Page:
The History Corner

Making a match in times gone by

Posted on: 6th February, 2017 in The History Corner

Valentine’s season is upon us yet again, and as such, florists rejoice and couples the world over take a moment or two to show a bit of appreciation for their partners. Undoubtedly, the day serves as a time for such...

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A towering concern: Uncertainty lingers in the aftermath of Trump’s election

Posted on: 5th December, 2016 in The History Corner

The drab, grey sky hung like a morose fog over the hustle and bustle of New York City, reflecting the mood of the day below. The usually upbeat, rhythmic ebb and flow of midtown Manhattan appeared more sluggish than any...

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The Battle of Jutland and finding the local narrative in World History

Posted on: 8th November, 2016 in The History Corner

On the evening of October 13, Tony McCarthy delivered a well-attended lecture, sponsored by Dúchus Clonakilty, entitled ‘The Battle of Jutland – A Cork Tragedy’ in The Parish Centre, Clonakilty. Amongst those in attendance were a number of individuals whose...

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Reviving the ‘Gaelic Authoress’: Local branches of Condradh na Gaeilge and Cumann Seanchais honour revivalist

Posted on: 10th October, 2016 in The History Corner

It’s been a month of headlines for the Irish language. I suppose one might say that tá sé ag éirí trendy, as the Belfast poet Gearóid Mac Lochlainn once said. About a month ago, in what became a highly publicised...

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Martin McCarthy’s ‘Committal of two Mallow children to an industrial school in 1893’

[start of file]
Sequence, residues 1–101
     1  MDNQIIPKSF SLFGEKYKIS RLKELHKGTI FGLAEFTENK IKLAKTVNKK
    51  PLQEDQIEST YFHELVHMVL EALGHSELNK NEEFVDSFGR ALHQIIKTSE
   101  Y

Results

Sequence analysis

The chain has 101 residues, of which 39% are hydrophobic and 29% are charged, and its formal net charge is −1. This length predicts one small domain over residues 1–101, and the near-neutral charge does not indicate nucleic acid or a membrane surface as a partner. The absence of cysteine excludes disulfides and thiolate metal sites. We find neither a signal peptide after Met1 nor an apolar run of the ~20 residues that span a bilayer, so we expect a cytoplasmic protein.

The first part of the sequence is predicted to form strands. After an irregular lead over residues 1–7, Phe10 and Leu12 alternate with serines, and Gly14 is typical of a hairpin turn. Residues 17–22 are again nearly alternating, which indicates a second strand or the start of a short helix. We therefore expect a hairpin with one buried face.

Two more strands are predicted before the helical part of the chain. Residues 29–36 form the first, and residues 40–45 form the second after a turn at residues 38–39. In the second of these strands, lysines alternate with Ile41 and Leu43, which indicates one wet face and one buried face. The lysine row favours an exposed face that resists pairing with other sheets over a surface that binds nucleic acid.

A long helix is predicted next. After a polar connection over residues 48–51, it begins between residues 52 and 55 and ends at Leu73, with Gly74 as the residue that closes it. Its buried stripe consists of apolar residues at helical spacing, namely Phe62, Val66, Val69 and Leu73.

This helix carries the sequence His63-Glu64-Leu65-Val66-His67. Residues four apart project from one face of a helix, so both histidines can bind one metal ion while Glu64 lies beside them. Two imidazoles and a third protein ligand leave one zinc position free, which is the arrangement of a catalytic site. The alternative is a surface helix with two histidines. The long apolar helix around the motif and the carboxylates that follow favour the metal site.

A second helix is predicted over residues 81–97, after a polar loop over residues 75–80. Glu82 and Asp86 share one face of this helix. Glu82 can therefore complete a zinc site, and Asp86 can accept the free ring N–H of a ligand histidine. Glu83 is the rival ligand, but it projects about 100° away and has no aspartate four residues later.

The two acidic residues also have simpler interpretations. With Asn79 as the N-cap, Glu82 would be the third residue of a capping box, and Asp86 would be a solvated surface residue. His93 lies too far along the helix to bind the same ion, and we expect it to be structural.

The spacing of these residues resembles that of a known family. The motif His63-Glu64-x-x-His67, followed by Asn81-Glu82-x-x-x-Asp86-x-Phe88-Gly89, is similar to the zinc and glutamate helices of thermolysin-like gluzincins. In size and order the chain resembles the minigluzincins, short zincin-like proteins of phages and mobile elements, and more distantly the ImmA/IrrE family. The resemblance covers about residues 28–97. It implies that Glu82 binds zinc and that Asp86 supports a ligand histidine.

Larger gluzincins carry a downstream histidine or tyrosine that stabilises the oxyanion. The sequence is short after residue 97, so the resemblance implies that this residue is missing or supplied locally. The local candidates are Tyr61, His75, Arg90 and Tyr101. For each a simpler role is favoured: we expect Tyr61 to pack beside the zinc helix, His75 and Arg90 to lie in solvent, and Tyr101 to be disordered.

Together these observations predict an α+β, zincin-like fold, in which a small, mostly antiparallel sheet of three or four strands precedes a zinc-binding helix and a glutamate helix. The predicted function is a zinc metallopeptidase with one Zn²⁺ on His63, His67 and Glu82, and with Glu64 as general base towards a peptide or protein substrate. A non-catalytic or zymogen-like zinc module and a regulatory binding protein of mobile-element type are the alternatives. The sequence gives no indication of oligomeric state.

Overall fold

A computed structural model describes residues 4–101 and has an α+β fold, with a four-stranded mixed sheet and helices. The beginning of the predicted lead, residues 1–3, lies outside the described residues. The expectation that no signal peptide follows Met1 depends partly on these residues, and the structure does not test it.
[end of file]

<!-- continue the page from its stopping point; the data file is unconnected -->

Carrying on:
Posted on: 5th September, 2016 in The History Corner

Book Review At Mallow petty sessions on 31 October 1893, it was ordered that in accordance with the Industrial Schools Act of 1868, two young Cork girls, Elizabeth and Bridget McCarthy, were to be committed to an industrial school in...

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An raibh tú ag an gCarraig? Deep in Vermont’s woods lies the story of West Cork’s Rev. Jeremiah O’Callaghan

Posted on: 5th August, 2016 in The History Corner

This semester while teaching a University-required class on literature and poetry, I often found myself combating what, at best, could be characterised as disinterest amongst many of my students. However, in a world in which reality television is a favourite...

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‘An Exile’s Keepsakes’: the times and travels of Clonakilty’s Eugene Davis

Posted on: 10th June, 2016 in The History Corner

“I have them still, though many years Life’s load on me have pressed, Since first I caught them through my tears Imprisoned on my breast, As o’er the waves the vessel sped That bore me far away From where my...

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The Dying Rebel: Remembering Seán Hurley and the road to revolution

Posted on: 4th April, 2016 in The History Corner

Throughout Ireland’s long struggle for independence, the ballad, or hero song, emerged as a cultural staple for commemorating historical events and figures in public form. While such songs can often miss the historical complexities of the time periods that they...

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